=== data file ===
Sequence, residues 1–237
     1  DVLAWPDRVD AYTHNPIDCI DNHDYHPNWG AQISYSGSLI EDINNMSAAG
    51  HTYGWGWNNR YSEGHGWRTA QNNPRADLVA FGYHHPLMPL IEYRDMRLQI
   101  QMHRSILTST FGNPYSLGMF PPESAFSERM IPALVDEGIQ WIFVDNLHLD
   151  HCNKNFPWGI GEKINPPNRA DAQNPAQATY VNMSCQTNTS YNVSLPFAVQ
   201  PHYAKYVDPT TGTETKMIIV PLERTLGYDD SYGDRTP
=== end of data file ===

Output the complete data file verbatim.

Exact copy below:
Sequence, residues 1–237
     1  DVLAWPDRVD AYTHNPIDCI DNHDYHPNWG AQISYSGSLI EDINNMSAAG
    51  HTYGWGWNNR YSEGHGWRTA QNNPRADLVA FGYHHPLMPL IEYRDMRLQI
   101  QMHRSILTST FGNPYSLGMF PPESAFSERM IPALVDEGIQ WIFVDNLHLD
   151  HCNKNFPWGI GEKINPPNRA DAQNPAQATY VNMSCQTNTS YNVSLPFAVQ
   201  PHYAKYVDPT TGTETKMIIV PLERTLGYDD SYGDRTP